I enjoy a drop of good whisky (mainly, though not exclusively, single malt Scotch) and in the past would buy a bottle from time to time. However, I realised that I was generally drinking it as well as beer, not instead, and reached the conclusion that it was something best reserved for Christmas, birthdays and special occasions.
Yet you’re pretty much entirely restricted to full-size bottles that are likely to cost the best part of £30, if not more. A handful of products are available in 35ml or 20ml bottles, but the choice is limited to a handful of the top-selling brands, and you’re generally expected to pay a hefty premium in terms of price per ml. Or you have selections of miniatures aimed squarely at the gift market that are even worse value for money.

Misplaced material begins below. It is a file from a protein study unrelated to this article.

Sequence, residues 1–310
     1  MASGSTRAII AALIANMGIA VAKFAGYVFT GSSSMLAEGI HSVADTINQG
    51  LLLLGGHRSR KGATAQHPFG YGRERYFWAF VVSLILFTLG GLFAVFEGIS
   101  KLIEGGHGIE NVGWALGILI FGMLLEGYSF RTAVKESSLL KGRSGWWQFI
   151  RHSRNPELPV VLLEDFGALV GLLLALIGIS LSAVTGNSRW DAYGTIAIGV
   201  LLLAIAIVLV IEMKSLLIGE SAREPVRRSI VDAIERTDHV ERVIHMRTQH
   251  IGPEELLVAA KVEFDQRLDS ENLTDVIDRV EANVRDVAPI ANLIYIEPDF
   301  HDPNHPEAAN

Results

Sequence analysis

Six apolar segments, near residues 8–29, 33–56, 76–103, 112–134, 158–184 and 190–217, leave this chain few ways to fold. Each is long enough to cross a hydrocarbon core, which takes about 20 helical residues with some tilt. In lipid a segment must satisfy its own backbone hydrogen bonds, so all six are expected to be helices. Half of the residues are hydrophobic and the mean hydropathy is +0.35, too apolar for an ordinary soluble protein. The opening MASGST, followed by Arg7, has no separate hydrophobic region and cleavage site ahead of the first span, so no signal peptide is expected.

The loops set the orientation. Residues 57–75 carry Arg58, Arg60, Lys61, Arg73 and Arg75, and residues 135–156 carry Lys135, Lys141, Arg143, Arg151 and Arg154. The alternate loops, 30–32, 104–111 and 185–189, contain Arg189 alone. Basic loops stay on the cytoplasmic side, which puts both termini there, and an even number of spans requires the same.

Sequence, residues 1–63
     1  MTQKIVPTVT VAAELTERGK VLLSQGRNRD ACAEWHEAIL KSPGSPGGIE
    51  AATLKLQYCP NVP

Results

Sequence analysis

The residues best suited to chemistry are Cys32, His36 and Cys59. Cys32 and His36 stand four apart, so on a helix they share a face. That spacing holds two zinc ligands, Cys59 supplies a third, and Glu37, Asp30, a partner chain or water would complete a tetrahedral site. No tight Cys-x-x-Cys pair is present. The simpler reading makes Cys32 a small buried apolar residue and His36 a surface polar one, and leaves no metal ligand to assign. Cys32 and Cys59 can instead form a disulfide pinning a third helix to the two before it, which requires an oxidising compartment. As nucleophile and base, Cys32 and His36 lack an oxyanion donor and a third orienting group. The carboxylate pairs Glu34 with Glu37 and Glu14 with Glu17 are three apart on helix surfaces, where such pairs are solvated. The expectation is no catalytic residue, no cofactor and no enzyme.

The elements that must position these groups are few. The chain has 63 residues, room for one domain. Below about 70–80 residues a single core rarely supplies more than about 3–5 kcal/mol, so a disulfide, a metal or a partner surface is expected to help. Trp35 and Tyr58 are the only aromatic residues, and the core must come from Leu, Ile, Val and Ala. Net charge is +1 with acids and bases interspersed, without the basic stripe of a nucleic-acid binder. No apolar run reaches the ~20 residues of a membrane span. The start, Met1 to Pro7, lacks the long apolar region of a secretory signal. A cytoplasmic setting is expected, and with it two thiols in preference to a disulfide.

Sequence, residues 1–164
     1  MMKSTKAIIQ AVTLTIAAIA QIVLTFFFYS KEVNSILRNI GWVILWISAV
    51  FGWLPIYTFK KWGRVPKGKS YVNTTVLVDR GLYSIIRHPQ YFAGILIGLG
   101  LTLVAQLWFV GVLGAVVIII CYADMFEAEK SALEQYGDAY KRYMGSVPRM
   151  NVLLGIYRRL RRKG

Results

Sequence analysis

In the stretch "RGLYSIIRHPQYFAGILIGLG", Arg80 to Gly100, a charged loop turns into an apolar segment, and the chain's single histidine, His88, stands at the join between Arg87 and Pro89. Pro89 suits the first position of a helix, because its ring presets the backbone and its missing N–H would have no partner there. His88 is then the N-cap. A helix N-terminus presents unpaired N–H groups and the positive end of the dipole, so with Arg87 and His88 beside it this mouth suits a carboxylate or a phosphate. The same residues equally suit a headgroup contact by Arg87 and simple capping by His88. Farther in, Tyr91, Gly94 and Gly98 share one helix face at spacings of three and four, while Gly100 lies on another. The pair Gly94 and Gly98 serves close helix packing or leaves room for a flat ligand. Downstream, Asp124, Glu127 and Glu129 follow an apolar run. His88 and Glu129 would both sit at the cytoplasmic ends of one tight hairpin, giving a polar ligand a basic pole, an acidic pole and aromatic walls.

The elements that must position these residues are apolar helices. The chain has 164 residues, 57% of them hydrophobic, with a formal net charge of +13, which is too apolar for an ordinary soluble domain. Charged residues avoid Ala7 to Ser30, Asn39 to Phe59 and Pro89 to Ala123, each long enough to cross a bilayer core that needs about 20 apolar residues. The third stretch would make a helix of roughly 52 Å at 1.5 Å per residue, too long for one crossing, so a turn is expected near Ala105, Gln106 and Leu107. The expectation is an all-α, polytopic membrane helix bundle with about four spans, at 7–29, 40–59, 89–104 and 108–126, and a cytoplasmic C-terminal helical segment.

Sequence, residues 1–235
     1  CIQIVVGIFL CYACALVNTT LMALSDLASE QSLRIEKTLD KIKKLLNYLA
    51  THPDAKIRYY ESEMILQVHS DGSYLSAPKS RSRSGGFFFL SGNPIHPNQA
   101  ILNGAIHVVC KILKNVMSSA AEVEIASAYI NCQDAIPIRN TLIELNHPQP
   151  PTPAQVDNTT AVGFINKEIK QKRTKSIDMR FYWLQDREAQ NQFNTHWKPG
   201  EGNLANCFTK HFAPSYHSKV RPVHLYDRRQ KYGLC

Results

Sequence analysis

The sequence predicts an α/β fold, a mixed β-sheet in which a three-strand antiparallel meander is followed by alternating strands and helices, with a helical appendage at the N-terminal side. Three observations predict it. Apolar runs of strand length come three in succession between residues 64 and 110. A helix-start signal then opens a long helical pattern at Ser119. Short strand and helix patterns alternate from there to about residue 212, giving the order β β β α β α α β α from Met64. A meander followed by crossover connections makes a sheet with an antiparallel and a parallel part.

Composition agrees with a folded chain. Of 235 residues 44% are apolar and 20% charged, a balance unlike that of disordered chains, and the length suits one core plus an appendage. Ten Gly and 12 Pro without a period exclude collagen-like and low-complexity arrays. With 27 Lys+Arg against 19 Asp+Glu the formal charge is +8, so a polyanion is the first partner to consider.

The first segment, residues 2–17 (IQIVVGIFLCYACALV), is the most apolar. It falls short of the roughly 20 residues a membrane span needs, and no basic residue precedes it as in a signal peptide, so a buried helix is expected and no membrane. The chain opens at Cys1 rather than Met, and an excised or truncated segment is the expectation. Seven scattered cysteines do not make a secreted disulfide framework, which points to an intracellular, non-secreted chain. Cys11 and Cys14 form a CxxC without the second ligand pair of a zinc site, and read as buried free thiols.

No doubt the spirits companies would respond that concentrating on full-size bottles is a strategy that has stood the test of time and works for them. However, I can’t help thinking they’re missing a trick, especially if they want to attract new and younger customers to the sector.
It’s even more relevant now that distillers are venturing into “craft” territory with different “expressions” of their core product, for example matured or finished in different woods. It would be interesting, say, to get three versions of the same whisky finished in plain oak, sherry and port casks, but you just don’t get that opportunity at an affordable price.